I woke my partner Alex at 1.40am ish, explaining that I thought things were happening and I’d appreciate his input. I think he could tell from my face / huffing and puffing that it was the Real Deal and we decided I’d call my friend and ask if we could drop our little boy round with her on our way to the hospital. She was fantastic, she’d been keeping her phone near her in bed in case I did call and was immediately mobilized. We know from phone records that I called her at 01.56 and we spoke for 1 minute and 37 seconds (this makes this blog sound like a true crime podcast).

Alex started getting stuff sorted; my hospital bag for the car, notes, Teddy’s things for nursery the next day, so that we could grab Teddy as the last thing and go. Everything is a little bit fuzzy here memory-wise, but I know I felt the need to be on the loo and suddenly everything was feeling very much pressurey in the old baby evacuation area. Hmm. Interesting. I was fairly sure I might be having a baby a little sooner than I’d hoped.

I called for Alex, trying really hard to use a tone of voice that was the right sort of urgent, without wanting to worry him, and also not wake a three year old. I was successful, he appeared. I wasn’t really able to do much talking, but I didn’t need to. He asked me if I needed an ambulance. I remember really wanting him to make that decision, but I nodded. I really, really hoped that was the right call. I’d be mortified if paramedics walked into my room and told me I was 3cm dilated and to pull myself together.

Alex disappeared off to make the call. He went downstairs, I think so he could concentrate on making sure he told them the right things. This is really when things started moving, and – without being too happy-clappy – where I really began to learn just how amazing bodies are. Or women’s ones at least! From this point on, my body just took over completely, it knew what it needed to do. I sort of crawled from the en-suite to the bottom of my bed (grabbed a towel, well done me), and just sat on the floor, legs akimbo, doing some super deep breathing and just letting everything do what it needed to do. I’d refreshed myself about birth at from TBTBC antenatal course and am a huge convert to hypnobirthing, so I knew that my body knew what it was doing, me getting in a flap would only get in its way so I might as well let it crack on.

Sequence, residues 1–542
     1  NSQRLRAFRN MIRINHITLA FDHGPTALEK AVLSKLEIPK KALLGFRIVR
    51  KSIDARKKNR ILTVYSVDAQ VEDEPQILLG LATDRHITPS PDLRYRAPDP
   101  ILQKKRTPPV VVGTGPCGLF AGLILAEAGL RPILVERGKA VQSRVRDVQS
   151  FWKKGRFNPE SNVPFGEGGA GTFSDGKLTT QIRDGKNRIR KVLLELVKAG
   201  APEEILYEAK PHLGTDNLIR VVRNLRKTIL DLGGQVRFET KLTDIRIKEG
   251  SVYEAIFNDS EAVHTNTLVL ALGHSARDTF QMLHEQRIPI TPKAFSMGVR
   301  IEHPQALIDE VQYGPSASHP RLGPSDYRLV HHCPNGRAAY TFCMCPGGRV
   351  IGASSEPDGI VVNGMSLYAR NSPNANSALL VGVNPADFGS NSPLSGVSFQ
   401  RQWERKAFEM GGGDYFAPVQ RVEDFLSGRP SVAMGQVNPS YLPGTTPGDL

I was vaguely aware of Alex coming up the stairs talking to 999 dispatch, saying something along the lines of ‘No, no I don’t think she’s giving birth yet, there’s definitely no head …’ *clocks me, clocks the action end* … ‘oh no wait, I can see the head’. Cue a high speed round of Finders Keepers (do you remember that, with Neil Buchanan?) where Alex reappears after what seemed like 10 seconds with every towel we own, a shoelace (don’t ask) and a safety pin (definitely don’t ask). I am pushing with every contraction now, and vaguely aware that it’s pretty awesome that Alex is helping me have a baby (turns out he wasn’t, 999 instructions are to keep your hand over the exit and encourage baby to stay exactly where they are).

Phone records show that at 02.19 I text Fi to tell her the front door was open (she’d text once she’d woken up properly to say she’d come and get Teddy, Godbless her, rather than us going out of our way to drop him off). The first responder paramedic arrived about 02.25 and was such a lovely energy walking into the bedroom. I couldn’t open my eyes, or really be part of what was going on, but I definitely registered him as having a brilliantly in-charge attitude. He was super chilled and all ‘Oh brilliant, we’re having a baby!’. He had the gas and air already out in one hand, and after asking me if I’d had it before, handed it over for me to suck on. I sucked once, hard, then feeling another contraction sweep through me, pushed hard and out flew Baby Number 2 at 02.30am, catching everyone slightly off guard.